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    Have you read "Christine"... :whistle:
     
  9. Grit

    Grit Senior Member

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    So the brakes actually goes "woof-woof-woof"? :barefoot:
     
  10. ChapmanF

    ChapmanF Senior Member

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    Some people have called it a quack. Some have called it a honk.

    AFAIR, no one has thought it sounded like a moo yet.
     
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  11. newguywithpups

    newguywithpups New Member

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    Took the car into a car place today. Car guy says brake noise is brake booster, but that it's not an immediate concern until I start getting some lights/codes, and that likely the squawking noise will get longer as the problem gets worse. I'll still try the firmware thing once my knockoff Techstream (I'll call it Techsteam) arrives. I have installed Windows 7 32-bit on an old laptop in preparation.

    As for the P0171, he says the fuel injectors (all 4) are open for ~5ms, longer than the usual 3+ ms. He says it's likely the injectors are clogged from using low grade fuel and that the car is trying to compensate by opening the injectors longer. His solution is to replace the fuel injectors.

    Any way I can look into this more? I wouldn't want to replace the fuel injectors if that's not the problem.

    How is fuel trim measured? Does something actually sense how much fuel is being delivered? Or is it possible that fuel trim is actually how much fuel is attempted at being delivered (thus meaning fuel trim is more of a control than a measurement)? Is it possible that at some point the O2 sensor in the exhaust properly sensed a lean mixture because of clogged injectors, then the car tries to compensate by increasing the injector time, which increased LTFT... and all that results in now delivering the proper amount of fuel (with a boosted LTFT measurement). And if that's the case... is there even a problem with this?
     
  12. ChapmanF

    ChapmanF Senior Member

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    The car has a "mass airflow sensor" upstream of the throttle body, telling the computer how much air is being drawn in. The computer knows what the right proportion of fuel to air needs to be for proper combustion, so it knows how much fuel to try to inject. After the combustion, downstream in the exhaust, it has an air/fuel ratio sensor telling it what is left over in the exhaust, which reveals whether the actual amount of fuel that went in was too little, too much, or just right. So the computer trims the injection timing accordingly. They call that "closed loop feedback", because the computer is able to control the inputs while measuring the actual results.

    The computer can trim the injection timing up to a maximum of around +25% if I remember right. That means you can still be driving around with the injectors about that bad, but beyond that it will seem to get worse quick.

    Still, if there's a sign the injectors are clogged (and a persistently high fuel trim is such a sign), you don't necessarily want to say "hey, the computer can adjust the trim, so no problem". The car really will run better with cleaner injectors. One reason is that the injectors don't have to all be clogged identically. In addition to being all some percent off from ideal flow, dirty ones can be substantially different from each other, and the computer can't trim them individually, because it doesn't have exhaust A/F ratio sensors for every cylinder, just the one in the manifold. You can see this history of an injector cleaning with before/after results for an example of how that goes.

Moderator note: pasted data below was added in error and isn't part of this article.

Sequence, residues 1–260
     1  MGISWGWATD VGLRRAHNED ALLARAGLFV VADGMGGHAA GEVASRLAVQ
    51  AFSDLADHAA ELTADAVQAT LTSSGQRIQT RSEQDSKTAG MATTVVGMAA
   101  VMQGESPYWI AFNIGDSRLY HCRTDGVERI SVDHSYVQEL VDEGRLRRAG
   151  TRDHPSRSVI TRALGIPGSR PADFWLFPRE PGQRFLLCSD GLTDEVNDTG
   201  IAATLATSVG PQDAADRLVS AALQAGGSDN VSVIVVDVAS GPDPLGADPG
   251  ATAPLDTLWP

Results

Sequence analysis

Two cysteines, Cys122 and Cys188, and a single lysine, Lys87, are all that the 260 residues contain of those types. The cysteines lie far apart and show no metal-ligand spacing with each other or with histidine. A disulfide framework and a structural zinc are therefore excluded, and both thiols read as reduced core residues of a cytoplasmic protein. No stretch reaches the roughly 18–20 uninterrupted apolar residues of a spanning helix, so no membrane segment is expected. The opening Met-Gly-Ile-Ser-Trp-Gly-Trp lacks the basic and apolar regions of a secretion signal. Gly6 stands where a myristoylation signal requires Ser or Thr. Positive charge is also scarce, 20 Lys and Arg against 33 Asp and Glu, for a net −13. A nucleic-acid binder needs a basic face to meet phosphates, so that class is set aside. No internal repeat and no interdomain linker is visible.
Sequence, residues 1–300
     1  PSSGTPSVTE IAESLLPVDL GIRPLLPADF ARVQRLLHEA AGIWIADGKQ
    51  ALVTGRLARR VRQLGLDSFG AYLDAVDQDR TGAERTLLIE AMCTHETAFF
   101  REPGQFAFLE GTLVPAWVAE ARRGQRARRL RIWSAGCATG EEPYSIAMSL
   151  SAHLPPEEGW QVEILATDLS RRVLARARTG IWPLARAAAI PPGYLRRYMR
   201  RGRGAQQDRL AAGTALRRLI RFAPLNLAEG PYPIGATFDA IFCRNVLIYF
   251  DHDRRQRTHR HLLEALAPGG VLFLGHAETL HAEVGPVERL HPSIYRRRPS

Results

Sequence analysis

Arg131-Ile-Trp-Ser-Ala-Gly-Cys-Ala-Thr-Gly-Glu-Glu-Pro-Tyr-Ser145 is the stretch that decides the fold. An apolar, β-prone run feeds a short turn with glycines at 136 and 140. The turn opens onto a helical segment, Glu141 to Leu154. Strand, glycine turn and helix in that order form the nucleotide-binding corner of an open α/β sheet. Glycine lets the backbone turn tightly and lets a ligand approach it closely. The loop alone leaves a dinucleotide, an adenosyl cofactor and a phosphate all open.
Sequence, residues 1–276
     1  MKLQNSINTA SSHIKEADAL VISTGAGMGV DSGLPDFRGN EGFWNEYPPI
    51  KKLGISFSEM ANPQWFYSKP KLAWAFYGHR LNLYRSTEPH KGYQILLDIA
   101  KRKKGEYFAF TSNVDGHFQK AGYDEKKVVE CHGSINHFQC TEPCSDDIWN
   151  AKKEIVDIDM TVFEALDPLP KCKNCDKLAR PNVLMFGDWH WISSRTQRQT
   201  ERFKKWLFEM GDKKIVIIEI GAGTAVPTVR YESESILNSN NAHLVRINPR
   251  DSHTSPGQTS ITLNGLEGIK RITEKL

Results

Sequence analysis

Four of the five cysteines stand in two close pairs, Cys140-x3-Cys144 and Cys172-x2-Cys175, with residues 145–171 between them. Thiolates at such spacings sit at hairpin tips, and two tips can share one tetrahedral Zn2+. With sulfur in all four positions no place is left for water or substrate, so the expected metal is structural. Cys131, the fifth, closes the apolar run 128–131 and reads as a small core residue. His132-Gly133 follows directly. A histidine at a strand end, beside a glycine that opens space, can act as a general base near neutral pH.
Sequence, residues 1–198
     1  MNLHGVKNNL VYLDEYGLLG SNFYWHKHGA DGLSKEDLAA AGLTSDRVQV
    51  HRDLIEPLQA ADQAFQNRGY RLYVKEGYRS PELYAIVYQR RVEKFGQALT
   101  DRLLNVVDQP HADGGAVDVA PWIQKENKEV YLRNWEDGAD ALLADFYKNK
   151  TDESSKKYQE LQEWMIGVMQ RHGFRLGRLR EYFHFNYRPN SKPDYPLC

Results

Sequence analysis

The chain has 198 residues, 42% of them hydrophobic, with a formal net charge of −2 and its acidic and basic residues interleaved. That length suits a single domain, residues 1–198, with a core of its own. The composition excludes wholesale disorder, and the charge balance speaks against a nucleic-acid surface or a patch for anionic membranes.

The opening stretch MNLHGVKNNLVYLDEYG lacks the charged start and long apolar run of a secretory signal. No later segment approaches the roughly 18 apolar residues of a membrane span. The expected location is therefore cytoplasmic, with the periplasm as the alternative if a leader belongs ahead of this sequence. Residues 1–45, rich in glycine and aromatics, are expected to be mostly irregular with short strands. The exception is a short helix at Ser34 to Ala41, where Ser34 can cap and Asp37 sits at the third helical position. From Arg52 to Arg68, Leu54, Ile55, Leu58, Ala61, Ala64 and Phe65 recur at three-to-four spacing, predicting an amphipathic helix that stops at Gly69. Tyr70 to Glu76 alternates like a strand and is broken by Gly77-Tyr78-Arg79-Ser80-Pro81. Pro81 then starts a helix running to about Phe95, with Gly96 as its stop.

My experience there is with sending injectors to a specialized restoring service (in that case, Cruzin Performance in Michigan, but there are others) that does a thorough restoration with parts replaced and before/after test printouts, and that was coming in around $83 for a set of four at the time, and that's a considerable savings over just buying new injectors from Toyota.

    On the other hand, you'll see other PriusChatters are finding aftermarket or ebay injectors new for less than the cost of having old ones restored, and going that way. I tend to lean toward restoration, which results in still having Toyota OEM injectors, and they're clean and up to spec again, and you have the test results telling you what happened. But that's me.
     
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  13. newguywithpups

    newguywithpups New Member

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    Finally got my Techsteam in this past week. My car looks to already have the most current firmware for the brake ECU.

    Last time when I visited the car guy, he said the noise is not a concern unless I start seeing lights on the dash like ABS or whatnot.

    As for the lean system, I'll try to switch out the injectors myself sometime...
     
  14. ChapmanF

    ChapmanF Senior Member

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    If you know you have the right brake firmware version, and it still quacks/honks, and you happen on a nice day with some spare time, you could try a bleeding sequence and see if that improves anything. My guess about the quack/honk (after ruling out the firmware version) is some valve in the actuator acting like a saxophone reed while some gas-bubbly brake fluid goes through it.

    There are two bleed sequences; the longer one (for when there might be gas in the actuator) requires the wipers and cowl out, for access to a bleed screw on the stroke simulator.

    I have a (completely speculative and unproven) notion that certain not-much-warning brake events could result from a gas-in-the-hydraulics situation that develops slowly over time, without much in the way of symptoms while it's developing.
     
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  15. newguywithpups

    newguywithpups New Member

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    Thanks! I'll look up how to do this and try it when I switch out my spark plugs and fuel injectors (since that requires removal of the wipers and cowl).